When You Feel Like Your Marriage Is a Mistake


There’s a marriage myth that if you date, or court someone long enough, your marriage will be just like when you were dating. This idea is so dangerous, and so wrong. It’s the reason why so many people get baffled and bail when their marriages seem to be declining. They start to think that maybe they made a mistake, or that the person they married has completely changed into someone they no longer want to be with.

I remember times when Jono and I felt the same way about each other. There have been moments when we’ve had to admit to each other that we’re disappointed that some things just aren’t the same as when we were dating: the amount of affection we show one another, the romance, the admiration we once felt for one another. It just seems like a cloud of disillusionment settles over the relationship when you’re constantly under the pressures of day-to-day living: getting the kids ready and out of the house on time, budgeting, career changes, and a myriad of things that couples go through.

The truth is, dating usually takes place under very idyllic circumstances. When Jono and I were dating, we both lived with our parents, had very minimal bills to worry about (cell phone and gas for the car), and had lots of time to spend together. We’d go out to eat all the time, walk (and make out) in the park for a couple of hours, and then go home and spend a couple more hours on the phone that night. When we got married, things were wonderful for a few years, but as time went on the pressures started piling on.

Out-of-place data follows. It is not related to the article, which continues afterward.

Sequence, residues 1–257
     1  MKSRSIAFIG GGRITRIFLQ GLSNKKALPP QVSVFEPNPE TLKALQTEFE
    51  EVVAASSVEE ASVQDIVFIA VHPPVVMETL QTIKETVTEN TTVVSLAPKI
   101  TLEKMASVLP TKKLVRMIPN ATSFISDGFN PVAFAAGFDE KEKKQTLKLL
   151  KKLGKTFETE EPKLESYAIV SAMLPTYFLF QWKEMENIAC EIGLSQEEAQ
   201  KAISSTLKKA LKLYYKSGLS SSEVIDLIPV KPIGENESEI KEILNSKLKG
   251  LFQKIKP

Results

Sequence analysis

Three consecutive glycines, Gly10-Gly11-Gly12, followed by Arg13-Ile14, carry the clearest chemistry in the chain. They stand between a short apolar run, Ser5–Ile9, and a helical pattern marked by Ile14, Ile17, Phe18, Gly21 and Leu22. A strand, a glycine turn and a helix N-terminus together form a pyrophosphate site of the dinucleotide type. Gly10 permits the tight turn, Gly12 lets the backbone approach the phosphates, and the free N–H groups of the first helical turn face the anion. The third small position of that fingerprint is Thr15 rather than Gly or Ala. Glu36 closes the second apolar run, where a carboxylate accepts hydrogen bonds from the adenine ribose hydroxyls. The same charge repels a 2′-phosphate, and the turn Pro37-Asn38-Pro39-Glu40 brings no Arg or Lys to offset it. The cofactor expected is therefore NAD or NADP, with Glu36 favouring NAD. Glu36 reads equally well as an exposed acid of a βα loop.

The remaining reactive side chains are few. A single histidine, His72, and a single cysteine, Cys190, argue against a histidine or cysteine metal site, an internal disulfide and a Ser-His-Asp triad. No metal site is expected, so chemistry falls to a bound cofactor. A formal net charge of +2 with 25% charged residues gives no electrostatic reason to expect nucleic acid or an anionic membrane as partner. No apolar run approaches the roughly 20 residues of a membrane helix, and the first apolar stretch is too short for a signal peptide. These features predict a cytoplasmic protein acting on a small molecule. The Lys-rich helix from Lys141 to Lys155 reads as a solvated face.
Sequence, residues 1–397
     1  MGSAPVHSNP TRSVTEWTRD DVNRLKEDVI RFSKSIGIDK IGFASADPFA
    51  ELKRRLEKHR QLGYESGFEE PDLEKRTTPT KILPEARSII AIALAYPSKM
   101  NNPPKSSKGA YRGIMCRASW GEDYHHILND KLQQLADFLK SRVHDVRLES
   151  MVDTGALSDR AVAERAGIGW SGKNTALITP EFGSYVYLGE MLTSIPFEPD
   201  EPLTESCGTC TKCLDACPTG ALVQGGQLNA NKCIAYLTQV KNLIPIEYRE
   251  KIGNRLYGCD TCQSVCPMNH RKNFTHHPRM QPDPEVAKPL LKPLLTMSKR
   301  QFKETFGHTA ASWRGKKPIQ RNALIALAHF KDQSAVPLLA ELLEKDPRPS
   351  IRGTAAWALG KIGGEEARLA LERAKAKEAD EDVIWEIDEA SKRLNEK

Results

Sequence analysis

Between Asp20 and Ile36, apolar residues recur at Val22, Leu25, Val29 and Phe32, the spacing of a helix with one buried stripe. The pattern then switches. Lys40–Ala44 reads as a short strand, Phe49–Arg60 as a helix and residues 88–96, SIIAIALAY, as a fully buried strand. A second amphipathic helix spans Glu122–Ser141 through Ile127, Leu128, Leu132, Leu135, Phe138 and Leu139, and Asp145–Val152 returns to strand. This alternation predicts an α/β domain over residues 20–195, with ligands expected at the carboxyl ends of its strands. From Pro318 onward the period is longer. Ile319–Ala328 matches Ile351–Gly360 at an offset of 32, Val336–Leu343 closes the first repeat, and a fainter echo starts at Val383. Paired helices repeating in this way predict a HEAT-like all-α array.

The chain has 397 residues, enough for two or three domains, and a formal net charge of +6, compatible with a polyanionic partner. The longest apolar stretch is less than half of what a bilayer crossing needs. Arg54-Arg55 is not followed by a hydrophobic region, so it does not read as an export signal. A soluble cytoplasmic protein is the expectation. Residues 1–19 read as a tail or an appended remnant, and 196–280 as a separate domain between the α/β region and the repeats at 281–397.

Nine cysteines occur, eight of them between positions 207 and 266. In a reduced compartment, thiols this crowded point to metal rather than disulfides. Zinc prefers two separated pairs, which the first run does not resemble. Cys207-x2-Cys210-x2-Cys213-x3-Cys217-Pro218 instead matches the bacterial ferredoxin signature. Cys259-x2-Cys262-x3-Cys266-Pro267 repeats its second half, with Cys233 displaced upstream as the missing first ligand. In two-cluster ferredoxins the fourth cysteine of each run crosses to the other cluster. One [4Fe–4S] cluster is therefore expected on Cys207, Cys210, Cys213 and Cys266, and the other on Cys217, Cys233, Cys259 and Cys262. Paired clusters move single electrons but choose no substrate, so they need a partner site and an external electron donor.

The first hurdle was the birth of our first child. It’s given us so much joy, but at the same time the emotional roller coaster of pregnancy and the first year after giving birth really took a toll on our relationship. I was in a slump for a very long time. Not exactly post- partum depression, but definitely some sort of mental and emotional funk that made it very difficult for my husband and I to connect the same way we used to.

By the time our daughter was nine months old I was pregnant again, so I worked while pregnant for the next school year. During that time my husband was in school again, which meant that I was on my own with our daughter in the evenings after being on my feet all day. I stayed home with our two kids for 8 months after giving birth, which was a huge adjustment. Then we went through another period of adjustment when I went back to work and we had to juggle our jobs, my husband’s evening classes, and caring for our two kids.

Yes, we look back at the time when we were dating with yearning.  From where we stood then, married life seemed like it would be great. We had such a deep connection with one another, and we felt like nothing could ever come in the way of that. We were so wrong.

I think that those times are meant to be a sort of standard that you hold your relationship to, something you strive for throughout your life with your partner. Jono and I may not be able to spend all day alone dining in restaurants and walking in the park anymore, but we can definitely aim for our communication to be as open and honest as it was then. We may not be able to make out for hours, but we can be intentional about keeping the spark of romance going by being creative about how and when we spend quality time together. Marriage is basically about keeping the connection with your partner throughout all the hurdles life throws your way- illness, tragedy, career changes-all these things change you as a person. The challenge is to keep learning each other at each stage, with unconditional love as the foundation for each season of change.

So, if you think your marriage was a mistake, think again. Do you feel that way because you don’t recognize the person your partner has become? Don’t be so quick to bail on your relationship. Do everything you can (and I mean EVERYTHING) to get to know each other again, instead of comparing who they used to be to who they are now. Learn to appreciate the positive, and be patient with the negative. Be open and honest, and most importantly, be willing to accept them for who they are instead of who you want them to be. If you’re both doing this, you will make it through this season.

Take care!

Kay Gus

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